Ankle Pain

The ankle joint ligaments are often at risk of severe sprain injury.  This is because the ankle is a complex weight-bearing structure that consists of several at-risk joints and ligaments that interact directly with the equally complex joints and ligaments of the lower leg and foot. 

Thus, ankle swelling and pain can be due to complex joint ligament sprain patterns—with the true cause often being masked and only discernable by a proper, complete physical examination and equally complete therapy.

Causes of Ankle Pain

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  • Normal wear-and-tear and osteoarthritis
  • Repetitive occupational or sports joint strain and sprain
  • Direct sprain injury to the skeletal, muscle or ligament tissues due to a traumatic accident
  • Short leg syndrome

Ankle Pain Treatments

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Osteopathic Manual Therapy (OMT) can be helpful in mobilizing the ankle joint.

Acute lateral collateral ligament (LCL) sprain, especially often responds very well to Neural Therapy.  Neural Therapy can cause a remarkable diminution of the LCL swelling and pain, often minimizing the need for follow-up Prolotherapy.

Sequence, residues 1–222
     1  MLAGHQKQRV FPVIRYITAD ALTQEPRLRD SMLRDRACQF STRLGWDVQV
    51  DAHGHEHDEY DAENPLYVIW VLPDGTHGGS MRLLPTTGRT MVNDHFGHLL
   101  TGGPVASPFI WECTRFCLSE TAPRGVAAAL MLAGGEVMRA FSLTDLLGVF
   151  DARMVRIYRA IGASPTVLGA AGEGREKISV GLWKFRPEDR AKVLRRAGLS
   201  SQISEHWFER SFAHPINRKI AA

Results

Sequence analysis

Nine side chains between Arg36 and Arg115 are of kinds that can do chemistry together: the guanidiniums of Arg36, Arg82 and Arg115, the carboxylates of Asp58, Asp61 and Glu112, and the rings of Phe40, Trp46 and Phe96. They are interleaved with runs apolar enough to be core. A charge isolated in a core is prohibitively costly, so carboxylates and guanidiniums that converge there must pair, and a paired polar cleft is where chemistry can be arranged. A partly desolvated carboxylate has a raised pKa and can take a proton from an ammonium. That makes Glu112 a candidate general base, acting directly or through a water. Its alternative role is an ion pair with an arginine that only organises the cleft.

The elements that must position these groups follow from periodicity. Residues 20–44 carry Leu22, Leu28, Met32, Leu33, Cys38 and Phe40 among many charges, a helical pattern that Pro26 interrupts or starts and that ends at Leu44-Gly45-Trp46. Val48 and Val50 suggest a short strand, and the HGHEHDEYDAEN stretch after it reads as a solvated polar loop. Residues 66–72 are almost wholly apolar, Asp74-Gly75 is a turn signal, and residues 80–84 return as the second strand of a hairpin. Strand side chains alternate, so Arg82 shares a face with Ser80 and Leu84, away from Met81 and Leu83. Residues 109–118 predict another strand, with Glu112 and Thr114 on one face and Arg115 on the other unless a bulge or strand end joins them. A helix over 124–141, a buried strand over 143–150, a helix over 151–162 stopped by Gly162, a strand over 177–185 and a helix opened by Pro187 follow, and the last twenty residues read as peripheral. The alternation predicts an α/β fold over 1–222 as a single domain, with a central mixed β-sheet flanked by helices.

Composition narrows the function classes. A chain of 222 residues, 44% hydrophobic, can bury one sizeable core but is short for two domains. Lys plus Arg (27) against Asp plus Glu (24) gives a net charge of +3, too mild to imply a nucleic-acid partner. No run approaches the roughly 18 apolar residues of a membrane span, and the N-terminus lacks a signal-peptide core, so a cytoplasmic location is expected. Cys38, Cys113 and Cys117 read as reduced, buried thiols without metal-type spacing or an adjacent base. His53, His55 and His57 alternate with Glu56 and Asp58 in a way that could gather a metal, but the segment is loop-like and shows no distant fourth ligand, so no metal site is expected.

More chronic, extensive ankle sprain injuries are very responsive to Prolotherapy.  Prolotherapy is directed to ankle ligament or muscle tendon attachments—depending on history and findings on examination and X-ray.  Particular care needs to be taken as to how the tendinous injuries are treated.

Platelet-Rich Plasma (PRP) Therapy would be more appropriate if the sprain injury and dysfunction are due to significant ligament or tendon tearing.

The pain of ankle wear-and-tear osteoarthritis can often be relieved or, at least, minimized by treating the coexisting ligament sprain injuries by Prolotherapy.   Intra-articular therapy has been reported helpful in minimizing—in some cases restoring—articular cartilage loss.


Gary B. Clark, MD, MPA | 1790 30th Street, Suite 230, Boulder, CO | (303) 444-5131